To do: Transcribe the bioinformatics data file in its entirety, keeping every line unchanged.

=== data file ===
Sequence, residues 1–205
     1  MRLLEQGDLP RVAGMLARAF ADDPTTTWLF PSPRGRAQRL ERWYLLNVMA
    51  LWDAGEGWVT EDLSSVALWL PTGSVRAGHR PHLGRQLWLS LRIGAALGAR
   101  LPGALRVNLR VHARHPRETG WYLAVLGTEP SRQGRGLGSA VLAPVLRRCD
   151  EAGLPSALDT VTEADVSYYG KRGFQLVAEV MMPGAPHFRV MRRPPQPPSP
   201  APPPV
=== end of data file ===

Sequence, residues 1–205
     1  MRLLEQGDLP RVAGMLARAF ADDPTTTWLF PSPRGRAQRL ERWYLLNVMA
    51  LWDAGEGWVT EDLSSVALWL PTGSVRAGHR PHLGRQLWLS LRIGAALGAR
   101  LPGALRVNLR VHARHPRETG WYLAVLGTEP SRQGRGLGSA VLAPVLRRCD
   151  EAGLPSALDT VTEADVSYYG KRGFQLVAEV MMPGAPHFRV MRRPPQPPSP
   201  APPPV